Diversifying clinical trials: ‘There needs to be some kind of cultural competency’

Vincent Rowe

The COVID-19 pandemic exposed lingering mistrust in the U.S. healthcare system among patients from minority communities as physicians continue to confront the conundrum of healthcare disparities in terms of outcomes alongside a lack of diversity in clinical trials, a roundtable discussion at Vascular Interventional Advances (VIVA) 2022 in Las Vegas (Oct. 31–Nov. 3) heard. 

Vincent Rowe, MD, chair of the SVS Diversity, Equity and Inclusion (DEI) Committee, told the gathering, entitled, “How to be a trialist,” that despite a National Institutes of Health (NIH) intervention nearly 30 years ago aimed at recruiting more minorities into clinical research, “we haven’t seen much change.” 

“We’ve talked a lot about clinical trials, their importance and how they have to be applicable to the full population of patients that we deal with,” he said. “Unfortunately, there are still a lot of disparities in our outcomes, so we’re going to need a diverse cohort to be able to understand the differences.”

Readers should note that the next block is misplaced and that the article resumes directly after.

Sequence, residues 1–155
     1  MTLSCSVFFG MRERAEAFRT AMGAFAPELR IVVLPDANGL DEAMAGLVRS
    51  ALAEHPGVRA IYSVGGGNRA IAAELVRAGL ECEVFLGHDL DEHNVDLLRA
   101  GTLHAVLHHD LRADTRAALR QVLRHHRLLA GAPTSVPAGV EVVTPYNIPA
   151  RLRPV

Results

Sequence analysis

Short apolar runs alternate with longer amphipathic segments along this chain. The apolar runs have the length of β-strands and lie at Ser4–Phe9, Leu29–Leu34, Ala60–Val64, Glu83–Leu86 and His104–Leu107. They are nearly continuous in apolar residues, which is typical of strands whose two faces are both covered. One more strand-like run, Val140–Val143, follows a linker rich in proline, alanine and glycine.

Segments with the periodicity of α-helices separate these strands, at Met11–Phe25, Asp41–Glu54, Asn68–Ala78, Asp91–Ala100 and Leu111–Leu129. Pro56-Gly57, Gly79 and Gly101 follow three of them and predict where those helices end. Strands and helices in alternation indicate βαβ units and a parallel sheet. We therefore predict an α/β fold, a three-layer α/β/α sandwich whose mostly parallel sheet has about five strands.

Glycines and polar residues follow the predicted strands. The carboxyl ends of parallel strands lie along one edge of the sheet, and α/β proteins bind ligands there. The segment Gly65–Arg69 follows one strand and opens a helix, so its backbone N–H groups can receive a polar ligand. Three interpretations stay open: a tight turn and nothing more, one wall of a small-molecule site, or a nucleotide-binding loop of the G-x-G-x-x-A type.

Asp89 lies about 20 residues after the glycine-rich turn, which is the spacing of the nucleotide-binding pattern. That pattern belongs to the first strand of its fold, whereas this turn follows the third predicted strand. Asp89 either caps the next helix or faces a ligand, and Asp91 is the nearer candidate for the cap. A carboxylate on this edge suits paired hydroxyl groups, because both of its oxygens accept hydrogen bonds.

Rowe pointed to a study that looked at patients eligible for cardiometabolic trials. The problems that emerged, mostly from the patient side, included lack of awareness, lack of information, mistrust, and a lack of comfort with the process. He highlighted how historical experiences with the healthcare system have led to low levels of trust, especially among the Black community. “And if you think that it is all over and things have gotten better, I think the COVID pandemic was a perfect microcosm of this mistrust that happened,” he said. 

Rowe said combating these problems is multifactorial but suggested greater diversity among site investigators and cultural competency as among potential remedies. “You need people in your trials to be applicable to all the patients that you’re seeing,” Rowe said, demonstrating how enrollment for the BEST-CLI trial at his institution among the Hispanic community was bolstered by the involvement of a colleague fluent in both the culture and language. “There needs to be some kind of cultural competency,” but that does not require race concordance, he added. “There just needs to be someone talking to them that’s technically competent and understands the culture.” 

The role of referring physicians, too, is key, in order that they receive the support required “to send us patients from a culturally diverse environment,” Rowe told the VIVA gathering. “We’re going to need to increase these patients in clinical trials,” he said. “It may be difficult based on the times we are in. People say they are so entrenched in their views, but I think it is possible—and it can only help to improve the care for all of our patients.” 


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